It is another object of this invention to provide a new and novel thermooptic sonar system comprising, means for generating a laser beam, means for projecting the beam through a non-absorbing media to a specific point in water, projecting the beam along first and second axis thereby generating a coherent acoustical wave perpendicular to the two axes; a hydrophone receiving system for receiving return echoes from targets impinged upon by the generated acoustical signal, and circuitry for processing signals from the hydrophones and the laser circuit to display target information.

And yet a further object of this invention is to provide an improved thermooptic sonar system capable of ond and third light beams being absorbed by the water over a finite beam path, the absorption of the light beam heating the water thereby causing the expansion and the production of an acoustical signal that is a coherent signal perpendicular to the axis of the second and third light beam; means for receiving return signals echoed from remotely located targets; and means coupled to receiving means and beam generating means to develop signals for displaying the return echo on the display device.

Still a further object of this invention is to provide a thermoacoustic array device including a laser for developing a beam in the blue-green region of the light spec trum which is the portion of the light spectra that tr avels the greatest distance in water.

And still a further object of this invention is to provide a modulated thermoacoustic array for developing .a sound signal in water through the absorption of light energy causing heating and cooling of the water encountered by the beam.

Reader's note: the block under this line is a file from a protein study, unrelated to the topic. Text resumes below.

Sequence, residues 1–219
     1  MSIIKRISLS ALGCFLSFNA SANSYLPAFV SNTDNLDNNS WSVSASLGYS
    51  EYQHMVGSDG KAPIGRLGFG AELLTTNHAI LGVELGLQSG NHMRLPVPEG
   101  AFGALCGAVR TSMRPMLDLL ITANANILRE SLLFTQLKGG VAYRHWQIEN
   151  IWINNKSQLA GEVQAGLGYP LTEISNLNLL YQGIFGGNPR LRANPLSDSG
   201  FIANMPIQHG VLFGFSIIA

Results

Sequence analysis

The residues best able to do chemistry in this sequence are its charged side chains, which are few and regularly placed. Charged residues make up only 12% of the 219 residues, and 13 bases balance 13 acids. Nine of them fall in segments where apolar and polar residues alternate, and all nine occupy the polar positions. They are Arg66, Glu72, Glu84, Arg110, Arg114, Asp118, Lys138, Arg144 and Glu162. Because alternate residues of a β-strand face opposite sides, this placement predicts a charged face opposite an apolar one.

Other objects, advantages and novel features of the invention will become apparent from the following detailed description of the invention when considered in conjunction with the accompanying drawings wherein:

FIG. 1 shows the invention schematically.

FIG. 2 shows the transmission and absorption of a modulated light pulse.

FIG. 3 shows the acoustic excitation through oscillatory thermal expansion.

FIG. 4 shows the thermooptic sonar/communicator system.

FIG. 5 shows the outline of Westervelt-Larson derivation for one form of the laser excited thermoacoustic array.

FIG. 6 shows the source level capability in water.

FIG. 7 shows the optical attenuation in sea water.

FIG. 8 shows the beamwidth capability.

FIG. 9 shows beam patterns for two different wave length lasers.

It is instructive to examine the process by which heat can be made to create sound. Although this process is more efficient in gases, applications to water media are of greater immediate interest. FIGS. 1, 2 and 3, illustrate the basic geometry. Light 10 from a modulated, pulsed laser 11, enters the water 12 by use of a reflecting prism 13 mounted in a standpipe 14 as shown in FIG. 1. A possible three cycle transmission in the presence of optical absorption is shown in FIG. 2. The modulated light pulses 15, 16 enter the water on the +2 17 and z 18 axis, and travel along this axis at the speed of light. The effect of optical absorption is to exponentially reduce the intensity of transmitted light with increasing distance along the z axis. It is this absorption and the attendant conversion of light to heat that provides a basis for the laser-excited, thermoacoustic array.

Consider, for example, an elemental volume of water 20 on the z axis, as shown in FIG. 3. This elemental volume is traversed by the modulated light pulse 16, and experiences a local rise and fall in temperature in sympathy with the oscillatory intensity of the modulated light. This causes a local oscillatory change in the size of the elemental volume in accordance with the laws of thermodynamics as modified .by the principle of adiabaticity. The oscillation of the elemental volume causes the radiation of sound in all directions. Although each elemental volume is excited in sequence, the rapidity of the speed of light in comparison to the speed of sound effectively allows one to assume total instantaneous excitation of all elemental volumes, at least for the purpose of calculating the acoustic field.